I recently returned to my childhood home in India with my siblings for a final walk down memory lane with my elderly mother. As expected, it was a powerfully emotional experience. But in ways unexpected, it brought home to me how our planetary fever — climate change — is inflicting a deadly fever on those least to blame for it.
One of our destinations on this trip was the city of Ludhiana, which houses one of the best medical schools in India, Christian Medical College. My father taught and practiced medicine there for many years. Ludhiana is in the Punjab on the border with Pakistan, and is one of India’s industrial and agricultural powerhouses.
Some of my earliest childhood memories include my father pushing me on our backyard swing, my nightgown billowing in the warm evening air. I remember him pushing me so high so I could see the flickering oil lamps in neighboring houses. I remember the pungent smell of the dung fires cooking the evening meals in hundreds of homes. The meow of wild peacocks in the fields behind our house, the flocks of chattering parakeets, the evening arguments of crows, the morning dove’s coos on hot summer days. I remember bougainvillea blossoms cascading around our porch in the sunlight, and carrots so fresh from the garden they were like candy. Most fondly, I remember the love of my Indian “ayah,” or nanny. Parveen, only 14 years my senior, helped my parents raise me.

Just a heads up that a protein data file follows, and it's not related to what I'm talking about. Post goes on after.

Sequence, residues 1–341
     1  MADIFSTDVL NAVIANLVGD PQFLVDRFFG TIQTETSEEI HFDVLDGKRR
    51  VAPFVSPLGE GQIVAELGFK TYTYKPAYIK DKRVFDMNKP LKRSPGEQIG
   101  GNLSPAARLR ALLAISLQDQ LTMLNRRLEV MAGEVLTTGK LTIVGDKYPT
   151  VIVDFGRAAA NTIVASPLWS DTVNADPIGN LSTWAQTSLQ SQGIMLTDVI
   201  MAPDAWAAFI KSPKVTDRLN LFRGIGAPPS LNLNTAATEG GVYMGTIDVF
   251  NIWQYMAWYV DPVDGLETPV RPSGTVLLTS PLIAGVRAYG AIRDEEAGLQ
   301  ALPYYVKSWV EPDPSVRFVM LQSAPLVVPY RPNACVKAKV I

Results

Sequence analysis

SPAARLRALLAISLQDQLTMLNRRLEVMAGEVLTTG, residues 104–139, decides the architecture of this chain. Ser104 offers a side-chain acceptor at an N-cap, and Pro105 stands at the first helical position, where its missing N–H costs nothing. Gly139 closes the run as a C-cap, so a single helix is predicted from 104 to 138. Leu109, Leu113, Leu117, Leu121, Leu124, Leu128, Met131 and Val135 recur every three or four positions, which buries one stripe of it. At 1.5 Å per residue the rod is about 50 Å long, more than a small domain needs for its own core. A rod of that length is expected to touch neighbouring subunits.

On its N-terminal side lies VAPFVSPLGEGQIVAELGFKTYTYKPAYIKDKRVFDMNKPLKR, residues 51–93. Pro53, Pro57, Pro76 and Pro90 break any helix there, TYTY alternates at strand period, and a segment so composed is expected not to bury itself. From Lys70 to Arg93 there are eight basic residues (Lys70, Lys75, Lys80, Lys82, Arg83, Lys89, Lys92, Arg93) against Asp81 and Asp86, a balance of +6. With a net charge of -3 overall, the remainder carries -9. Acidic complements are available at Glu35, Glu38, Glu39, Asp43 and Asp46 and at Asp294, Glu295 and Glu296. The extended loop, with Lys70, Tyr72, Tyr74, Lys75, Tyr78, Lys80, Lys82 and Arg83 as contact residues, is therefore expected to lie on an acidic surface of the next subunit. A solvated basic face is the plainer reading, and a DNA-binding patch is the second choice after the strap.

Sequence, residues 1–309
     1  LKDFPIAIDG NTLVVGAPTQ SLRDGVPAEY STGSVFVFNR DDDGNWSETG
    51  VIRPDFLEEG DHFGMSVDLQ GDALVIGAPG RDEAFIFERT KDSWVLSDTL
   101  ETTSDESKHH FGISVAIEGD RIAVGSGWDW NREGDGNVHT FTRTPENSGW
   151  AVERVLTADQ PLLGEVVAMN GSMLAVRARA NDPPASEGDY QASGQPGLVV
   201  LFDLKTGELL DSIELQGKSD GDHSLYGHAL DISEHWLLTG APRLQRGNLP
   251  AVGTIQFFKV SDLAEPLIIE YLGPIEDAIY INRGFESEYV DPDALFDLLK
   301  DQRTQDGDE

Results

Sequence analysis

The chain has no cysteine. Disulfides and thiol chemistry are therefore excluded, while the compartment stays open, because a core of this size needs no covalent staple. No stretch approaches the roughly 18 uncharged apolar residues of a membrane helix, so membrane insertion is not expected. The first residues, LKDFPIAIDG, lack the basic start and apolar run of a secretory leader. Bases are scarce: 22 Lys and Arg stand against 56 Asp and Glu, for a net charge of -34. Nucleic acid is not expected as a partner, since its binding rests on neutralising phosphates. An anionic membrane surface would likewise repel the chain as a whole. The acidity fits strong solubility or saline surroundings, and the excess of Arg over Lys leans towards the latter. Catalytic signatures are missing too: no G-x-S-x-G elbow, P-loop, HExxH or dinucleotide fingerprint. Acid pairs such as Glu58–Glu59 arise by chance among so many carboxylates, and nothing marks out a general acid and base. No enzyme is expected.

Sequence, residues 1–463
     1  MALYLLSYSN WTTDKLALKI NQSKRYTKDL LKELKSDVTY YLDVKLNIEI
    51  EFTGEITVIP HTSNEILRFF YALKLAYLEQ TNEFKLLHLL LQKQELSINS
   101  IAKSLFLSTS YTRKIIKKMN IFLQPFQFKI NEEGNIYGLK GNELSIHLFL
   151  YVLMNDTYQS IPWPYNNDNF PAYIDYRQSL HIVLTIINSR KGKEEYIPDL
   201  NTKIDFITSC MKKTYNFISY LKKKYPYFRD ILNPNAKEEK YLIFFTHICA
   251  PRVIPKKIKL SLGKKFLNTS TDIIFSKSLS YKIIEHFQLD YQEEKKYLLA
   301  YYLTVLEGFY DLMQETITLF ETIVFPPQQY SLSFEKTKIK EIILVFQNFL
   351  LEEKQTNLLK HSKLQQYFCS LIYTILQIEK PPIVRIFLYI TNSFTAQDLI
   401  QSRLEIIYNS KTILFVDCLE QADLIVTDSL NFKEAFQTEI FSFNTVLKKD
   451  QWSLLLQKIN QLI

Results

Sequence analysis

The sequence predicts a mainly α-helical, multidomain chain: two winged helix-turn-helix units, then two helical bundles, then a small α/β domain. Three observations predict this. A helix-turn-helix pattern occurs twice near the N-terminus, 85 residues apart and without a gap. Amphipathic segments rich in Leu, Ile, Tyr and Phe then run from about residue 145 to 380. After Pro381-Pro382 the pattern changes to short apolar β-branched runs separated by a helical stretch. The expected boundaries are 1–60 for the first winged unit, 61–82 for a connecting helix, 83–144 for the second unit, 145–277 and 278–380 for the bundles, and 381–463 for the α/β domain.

As we stepped off the train from nearby Delhi, we hoped to relive many of these memories. But instead the sky was a gray pall, and the black dust of diesel and coal-fired power emissions coated our nostrils. No amount of filtering the air through our scarves could prevent us from coughing.
Ludhiana is now the fourth-most polluted city in the world, according to the World Health Organization. The water, too, has become contaminated by pesticides, heavy dyes, and other chemicals dumped by industry and leaching into the water table.
The World Bank ranked Ludhiana No. 1 in India in 2009 for creating a friendly business environment. We saw evidence of this at our hotel: foreign businessmen meeting in the lobby, negotiating business deals on couches and in corners, hovering over laptops. Well-heeled Indian women idled away the hours eating expensive lunches in the hotel’s restaurant, trading gossip and playing bingo.
This once relatively small industrial town has become a magnet for global markets — car parts for Mercedes Benz, BMW, and other automakers are produced here, as well as a good share of Asia’s bicycles and many other heavy industrial goods. Much, if not all, of that manufacturing is powered by coal. Read the rest of this entry →